Consistent effort carries Donald to No. 1 as his’pretty good year’ ends


With his breakout season, Britain’s Luke Donald has quietly laid claim to the position of golf’s top player, assuming the role in a much different manner than former world No. 1 Tiger Woods. While Woods once occupied the throne with breathtaking power and dominance, Donald climbed the ranks with precision and consistency signaling a new era in the game. Donald’s win at the Disney Classic on Sunday, which allowed him to capture the PGA Tour money-list title, was crafted with his irons and putter as he leaned on the accuracy that has him on the verge of becoming the first player to win the orders of merit on both sides of the Atlantic.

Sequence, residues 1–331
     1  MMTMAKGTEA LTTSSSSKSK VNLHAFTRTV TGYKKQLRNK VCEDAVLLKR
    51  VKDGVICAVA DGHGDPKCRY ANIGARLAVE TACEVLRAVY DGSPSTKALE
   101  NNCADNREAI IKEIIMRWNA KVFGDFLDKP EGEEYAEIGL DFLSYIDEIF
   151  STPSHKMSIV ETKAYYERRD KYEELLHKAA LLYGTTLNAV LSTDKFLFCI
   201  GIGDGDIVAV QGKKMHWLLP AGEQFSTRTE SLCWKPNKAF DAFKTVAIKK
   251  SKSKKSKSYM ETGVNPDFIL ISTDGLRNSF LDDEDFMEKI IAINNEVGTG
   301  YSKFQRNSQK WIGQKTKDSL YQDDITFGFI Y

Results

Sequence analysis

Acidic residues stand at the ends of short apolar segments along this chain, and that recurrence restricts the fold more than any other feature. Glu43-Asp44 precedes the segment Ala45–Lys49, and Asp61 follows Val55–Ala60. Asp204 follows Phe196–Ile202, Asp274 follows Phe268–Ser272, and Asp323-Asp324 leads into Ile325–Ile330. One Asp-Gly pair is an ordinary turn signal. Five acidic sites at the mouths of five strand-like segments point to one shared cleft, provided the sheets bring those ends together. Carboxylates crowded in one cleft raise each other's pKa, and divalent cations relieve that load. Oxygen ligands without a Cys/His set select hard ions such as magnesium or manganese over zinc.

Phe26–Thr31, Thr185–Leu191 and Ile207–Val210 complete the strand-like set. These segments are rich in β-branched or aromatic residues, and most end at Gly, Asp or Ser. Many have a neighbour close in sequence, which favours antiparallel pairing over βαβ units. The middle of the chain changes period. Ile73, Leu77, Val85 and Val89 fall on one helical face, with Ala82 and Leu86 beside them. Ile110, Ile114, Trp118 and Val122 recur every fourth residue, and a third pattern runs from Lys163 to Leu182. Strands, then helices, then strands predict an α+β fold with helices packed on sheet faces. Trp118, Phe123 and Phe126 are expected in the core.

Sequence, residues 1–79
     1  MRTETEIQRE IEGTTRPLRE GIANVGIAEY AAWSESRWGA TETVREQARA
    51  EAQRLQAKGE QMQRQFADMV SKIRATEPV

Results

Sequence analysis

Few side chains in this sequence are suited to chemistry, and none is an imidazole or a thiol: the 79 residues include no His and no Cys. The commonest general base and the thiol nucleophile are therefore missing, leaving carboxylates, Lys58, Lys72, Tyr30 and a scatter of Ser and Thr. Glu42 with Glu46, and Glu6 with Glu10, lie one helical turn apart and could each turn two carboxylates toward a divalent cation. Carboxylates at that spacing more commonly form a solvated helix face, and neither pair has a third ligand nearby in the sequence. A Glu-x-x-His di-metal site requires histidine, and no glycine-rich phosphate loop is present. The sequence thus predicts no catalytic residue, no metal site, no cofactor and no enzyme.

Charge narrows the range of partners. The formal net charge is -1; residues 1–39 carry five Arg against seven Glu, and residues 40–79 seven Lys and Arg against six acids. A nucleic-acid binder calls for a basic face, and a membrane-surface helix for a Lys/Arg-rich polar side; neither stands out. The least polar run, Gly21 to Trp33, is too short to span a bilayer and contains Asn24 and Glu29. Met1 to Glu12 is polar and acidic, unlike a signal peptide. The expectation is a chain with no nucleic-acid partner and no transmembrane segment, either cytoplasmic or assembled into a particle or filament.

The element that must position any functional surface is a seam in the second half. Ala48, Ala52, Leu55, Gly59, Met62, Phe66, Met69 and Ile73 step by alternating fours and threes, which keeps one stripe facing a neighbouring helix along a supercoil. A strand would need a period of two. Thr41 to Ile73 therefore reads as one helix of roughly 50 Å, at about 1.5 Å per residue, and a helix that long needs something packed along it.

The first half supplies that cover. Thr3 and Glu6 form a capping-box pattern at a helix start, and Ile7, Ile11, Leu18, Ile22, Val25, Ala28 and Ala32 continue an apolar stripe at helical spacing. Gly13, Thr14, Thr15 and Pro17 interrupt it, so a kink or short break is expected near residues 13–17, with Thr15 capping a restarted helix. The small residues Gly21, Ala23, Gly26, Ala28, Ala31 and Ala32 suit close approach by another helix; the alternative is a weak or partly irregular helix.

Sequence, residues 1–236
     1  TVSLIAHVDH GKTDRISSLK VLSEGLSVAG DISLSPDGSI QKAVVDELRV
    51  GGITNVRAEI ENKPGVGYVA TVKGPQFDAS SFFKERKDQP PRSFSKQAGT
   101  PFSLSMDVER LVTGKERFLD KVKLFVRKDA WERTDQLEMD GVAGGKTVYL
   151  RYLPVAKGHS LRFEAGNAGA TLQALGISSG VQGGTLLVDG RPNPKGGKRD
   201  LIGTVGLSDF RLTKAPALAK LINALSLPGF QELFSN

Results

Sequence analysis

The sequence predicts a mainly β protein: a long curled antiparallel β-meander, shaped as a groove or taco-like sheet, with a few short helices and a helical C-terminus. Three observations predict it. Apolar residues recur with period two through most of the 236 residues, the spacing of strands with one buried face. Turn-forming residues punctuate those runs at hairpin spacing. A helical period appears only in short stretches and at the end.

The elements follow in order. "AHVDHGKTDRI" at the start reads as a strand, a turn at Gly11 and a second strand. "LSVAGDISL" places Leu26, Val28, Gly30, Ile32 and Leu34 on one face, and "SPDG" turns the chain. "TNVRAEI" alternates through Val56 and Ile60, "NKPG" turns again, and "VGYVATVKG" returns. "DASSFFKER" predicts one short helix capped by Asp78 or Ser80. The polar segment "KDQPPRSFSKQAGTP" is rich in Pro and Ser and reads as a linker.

“It would mean a big deal to win both money lists,” Donald, a four-time winner on the PGA Tour, told reporters. “Getting to number one and holding onto it and extending my lead and winning four times now, you know, obviously that’s a pretty good year.” It is quite the feat for the 33-year-old Donald, who was once known as more of an also-ran than a champion. But with his most recent triumphs, Donald’s close finishes are now being considered a sign of his unwavering consistency. In compiling two wins on the PGA Tour this season, Donald finished outside of the top 25 on just three occasions in 19 tournaments. He also added two victories in Europe this year, winning the BMW Championship to wrestle the world number one ranking from Lee Westwood in May, before claiming the Scottish Open in July. An uneven performance in the majors was the only blemish on Donald’s 2011 record. Despite top-10 finishes at the Masters and PGA Championship, he missed the cut at the British Open and was never in contention at the U.S. Open. Winning a major would be the final piece in solidifying Donald’s career, and after his season of ascension he may have proven that he is up for the challenge. “I think I answered a lot of critics’ questions, coming (to Disney) knowing I had to win and coming up with the goods when I needed to,” said Donald, who needed to finish no worse than in a two-way tie for second to take the money-list honors. “I feel like I’ve answered all the questions thrown at me.”